So far, No Labels has won ballot access in 14 states. It is in the process of securing access in another 13 states and intends to win ballot access in 32 states later this year.

“The right to obtain a ballot line is just as protected by the U.S. Constitution as the right to register to vote,” Clancy said. “But powerful forces in Washington clearly don’t respect this right and have made it their mission to prevent No Labels access to the ballot by any means necessary.”

Clancy said No Labels’ opponents have been using intimidation, harassment and fear for the past year to prevent the group from accessing the ballot. The group alleges most of the harassment has been coming from the left, but it anticipates far-right groups will also object to a No Labels unity ticket once the group wins more ballot access in red states.

In its DOJ complaint, the group cited an audio recording of a meeting of the alleged co-conspirators, where a participant said it planned to dissuade candidates from appearing on a No Labels presidential ticket if they found “one fingernail clipping of a skeleton” in their closet so they could “come at you with every gun we can possibly find.”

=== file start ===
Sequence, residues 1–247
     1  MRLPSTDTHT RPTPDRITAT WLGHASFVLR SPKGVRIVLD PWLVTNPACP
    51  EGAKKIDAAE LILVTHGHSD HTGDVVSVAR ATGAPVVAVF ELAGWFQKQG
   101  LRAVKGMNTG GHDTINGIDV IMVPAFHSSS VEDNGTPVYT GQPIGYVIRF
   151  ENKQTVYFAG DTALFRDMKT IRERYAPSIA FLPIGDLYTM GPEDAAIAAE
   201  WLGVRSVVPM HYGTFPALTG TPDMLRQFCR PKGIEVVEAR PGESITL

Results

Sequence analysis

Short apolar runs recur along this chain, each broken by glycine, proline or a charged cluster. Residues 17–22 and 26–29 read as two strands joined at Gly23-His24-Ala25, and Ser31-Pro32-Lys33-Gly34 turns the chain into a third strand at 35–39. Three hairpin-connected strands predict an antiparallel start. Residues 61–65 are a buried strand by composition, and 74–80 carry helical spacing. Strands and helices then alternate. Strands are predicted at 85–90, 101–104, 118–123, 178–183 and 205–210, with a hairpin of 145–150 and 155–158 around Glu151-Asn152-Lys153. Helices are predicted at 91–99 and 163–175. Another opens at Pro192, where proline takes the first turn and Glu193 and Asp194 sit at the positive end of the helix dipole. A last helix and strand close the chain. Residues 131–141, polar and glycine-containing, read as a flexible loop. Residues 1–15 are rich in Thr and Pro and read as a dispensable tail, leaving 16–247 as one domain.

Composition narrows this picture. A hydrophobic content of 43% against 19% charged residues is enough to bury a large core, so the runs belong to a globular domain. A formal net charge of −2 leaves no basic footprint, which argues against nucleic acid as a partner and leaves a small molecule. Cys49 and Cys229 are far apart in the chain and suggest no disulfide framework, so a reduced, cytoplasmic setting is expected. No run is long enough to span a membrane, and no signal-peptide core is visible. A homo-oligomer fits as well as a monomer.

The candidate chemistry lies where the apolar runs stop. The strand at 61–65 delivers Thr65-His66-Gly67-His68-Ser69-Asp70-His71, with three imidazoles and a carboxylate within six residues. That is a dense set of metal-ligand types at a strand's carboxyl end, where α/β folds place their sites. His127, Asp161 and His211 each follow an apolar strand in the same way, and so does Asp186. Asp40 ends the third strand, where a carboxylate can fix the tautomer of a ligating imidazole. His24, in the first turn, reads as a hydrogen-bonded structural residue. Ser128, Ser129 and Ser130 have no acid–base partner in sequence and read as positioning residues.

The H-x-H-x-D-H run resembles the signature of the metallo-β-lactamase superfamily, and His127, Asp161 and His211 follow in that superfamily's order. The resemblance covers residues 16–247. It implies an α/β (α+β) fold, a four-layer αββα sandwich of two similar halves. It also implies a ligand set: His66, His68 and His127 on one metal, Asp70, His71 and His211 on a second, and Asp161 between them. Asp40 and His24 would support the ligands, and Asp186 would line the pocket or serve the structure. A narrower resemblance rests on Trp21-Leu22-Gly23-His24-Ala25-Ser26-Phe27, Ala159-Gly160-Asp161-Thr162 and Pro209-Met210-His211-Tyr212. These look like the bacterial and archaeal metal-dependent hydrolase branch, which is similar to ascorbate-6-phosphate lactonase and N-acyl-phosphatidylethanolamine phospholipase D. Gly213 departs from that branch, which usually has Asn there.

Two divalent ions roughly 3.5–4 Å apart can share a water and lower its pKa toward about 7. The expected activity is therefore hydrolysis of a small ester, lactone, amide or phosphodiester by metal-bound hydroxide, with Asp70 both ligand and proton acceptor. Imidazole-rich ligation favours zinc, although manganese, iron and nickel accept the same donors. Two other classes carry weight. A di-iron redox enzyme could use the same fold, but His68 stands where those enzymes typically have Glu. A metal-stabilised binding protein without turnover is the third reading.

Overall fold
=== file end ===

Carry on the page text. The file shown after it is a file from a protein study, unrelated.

The group also alleges No Labels co-founder Holly Page was approached by a representative of the democracy-defense group The Lincoln Project and told to walk away from No Labels or “never be able to work in Democratic politics again. You’re going to get it with both barrels.”

A request for comment from The Lincoln Project was not answered before deadline.

In its DOJ complaint, No Labels said the individuals and groups that allegedly intimidated its members have violated federal criminal laws that prevent individuals from conspiring to oppress, threaten or intimidate anyone in the free exercise or enjoyment of any right or privilege secured by the U.S. Constitution or laws of the United States. The same law — 18 U.S. Code 241 — has been cited against Trump in felony cases against him, No Labels said.